I-Ching 82. I-Ching I-Ching

The "Book of Changes," also referred to as the "I Ching" is an ancient work completed by the wise King Wen, a feudal Lord in the last generation of the Shang Dynasty (1766-1121 BC).

People who recognize this as a remarkable work of profound wisdom which has been passed down from an ancient culture might also want to know how the ancient ones developed their integral vision of all aspects of life.

Long ago, before teachers of a cultural heritage existed, people relied on their own natural spiritual insights and pure minds to develop a system of knowledge and solve the problems in their lives.

Living in accord with nature (at-onement) provided them with their first teacher – great nature herself.

They learned that nature provides for, supports and instructs all beings. After long periods of observation and life experience, the ancient ones not only gathered information about nature, but they also discovered the "laws" behind its seeming diversity.

The system of hexagrams which we call the Book of Changes or I-Ching, was one of the first great successes in ancient man's attempts to find the laws which regulate all phenomena.

Most significant was their discovery that the laws of great nature are also the laws of humanity and that since nature and humanity are one, harmony is the key to life. This conclusion was drawn after long internal and external searching which revealed the balanced way of life as the fundamental path.

This integral vision of the universe became the spiritual faith of ancient "developed" (self-realized, and enlightened) people.

It was the broad and plain foundation for their discovery of spiritual truth and secret methods. Since life is the main theme of all useful knowledge, the "Book of Changes," the "Tao Teh Ching," acupuncture, internal medicine and the internal work of Taoist meditation-cultivation all make living in harmony with nature their foundation.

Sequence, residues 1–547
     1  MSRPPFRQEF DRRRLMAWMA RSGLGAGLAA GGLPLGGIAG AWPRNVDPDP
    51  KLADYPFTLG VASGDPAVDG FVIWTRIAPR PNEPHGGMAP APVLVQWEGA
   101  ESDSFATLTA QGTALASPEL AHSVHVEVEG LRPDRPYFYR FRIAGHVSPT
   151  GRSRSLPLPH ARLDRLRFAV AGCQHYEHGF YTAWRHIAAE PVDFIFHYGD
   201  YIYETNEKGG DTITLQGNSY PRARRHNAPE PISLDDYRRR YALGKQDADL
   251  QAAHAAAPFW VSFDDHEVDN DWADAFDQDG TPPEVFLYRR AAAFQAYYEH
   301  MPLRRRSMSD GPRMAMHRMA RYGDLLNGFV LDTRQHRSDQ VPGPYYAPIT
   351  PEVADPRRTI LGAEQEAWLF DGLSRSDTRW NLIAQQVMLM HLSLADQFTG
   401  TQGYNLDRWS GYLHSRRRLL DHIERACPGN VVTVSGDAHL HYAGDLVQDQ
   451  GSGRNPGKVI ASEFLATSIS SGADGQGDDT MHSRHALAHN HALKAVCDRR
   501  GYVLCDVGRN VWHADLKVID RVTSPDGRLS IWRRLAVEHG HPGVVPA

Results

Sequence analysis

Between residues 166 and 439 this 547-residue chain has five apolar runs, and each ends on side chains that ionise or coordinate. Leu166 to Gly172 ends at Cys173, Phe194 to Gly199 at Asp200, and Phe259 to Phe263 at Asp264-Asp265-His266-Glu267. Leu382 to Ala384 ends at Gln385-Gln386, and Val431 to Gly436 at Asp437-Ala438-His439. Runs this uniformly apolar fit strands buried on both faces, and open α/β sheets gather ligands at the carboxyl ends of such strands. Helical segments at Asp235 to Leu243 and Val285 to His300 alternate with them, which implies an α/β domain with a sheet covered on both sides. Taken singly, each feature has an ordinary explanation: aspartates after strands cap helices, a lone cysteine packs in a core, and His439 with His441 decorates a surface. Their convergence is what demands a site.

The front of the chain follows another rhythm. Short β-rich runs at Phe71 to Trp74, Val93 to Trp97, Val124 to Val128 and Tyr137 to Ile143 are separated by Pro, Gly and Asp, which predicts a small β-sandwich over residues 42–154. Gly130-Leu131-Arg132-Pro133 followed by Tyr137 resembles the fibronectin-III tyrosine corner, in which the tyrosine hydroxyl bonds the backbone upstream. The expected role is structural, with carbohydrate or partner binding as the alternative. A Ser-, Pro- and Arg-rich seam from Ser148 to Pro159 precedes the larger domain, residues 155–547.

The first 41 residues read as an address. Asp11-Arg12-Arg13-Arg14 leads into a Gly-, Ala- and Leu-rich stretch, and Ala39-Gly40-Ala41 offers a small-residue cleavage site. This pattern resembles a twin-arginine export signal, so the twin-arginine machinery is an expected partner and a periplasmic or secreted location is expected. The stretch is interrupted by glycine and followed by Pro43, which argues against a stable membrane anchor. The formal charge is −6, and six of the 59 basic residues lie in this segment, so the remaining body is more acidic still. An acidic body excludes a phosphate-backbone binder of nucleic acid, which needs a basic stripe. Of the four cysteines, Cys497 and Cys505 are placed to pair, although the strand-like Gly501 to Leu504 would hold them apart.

Great nature (the universal SELF) always remains the true source of human life. To restore our understanding of this integral truth, we can use the "line system" of the "Book of Changes" to study the way in which people and events develop. We also learn that it is dangerous to violate our own nature, the subtle level of the natural order and the natural environment. We must learn to approach these ancient methods of integration with an appreciation for what they are: simple, non-coercive guidelines for harmonizing our deviated human nature with the unspoiled "great nature."

When one practices and learns the I-Ching, one can find external evidence showing the connection between oneself and the subtle energy of the universe. With this evidence, one may experience the melting of apparent subjectivity and objectivity. When one perceives oneself as subject and all that is external to oneself as object, one is bound and limited within that context of perception. Practice of the I-Ching can guide you and encourage you to move forward into the mysterious realms of the "unknown" and to the ultimate realization that what each person truly is cannot be bound or limited. In this way, one may unite so-called subject and object into one whole and restore one's intrinsic integrity.

The I-Ching is not a book of fortune telling, but it will express the laws of cause and effect of one's choices.



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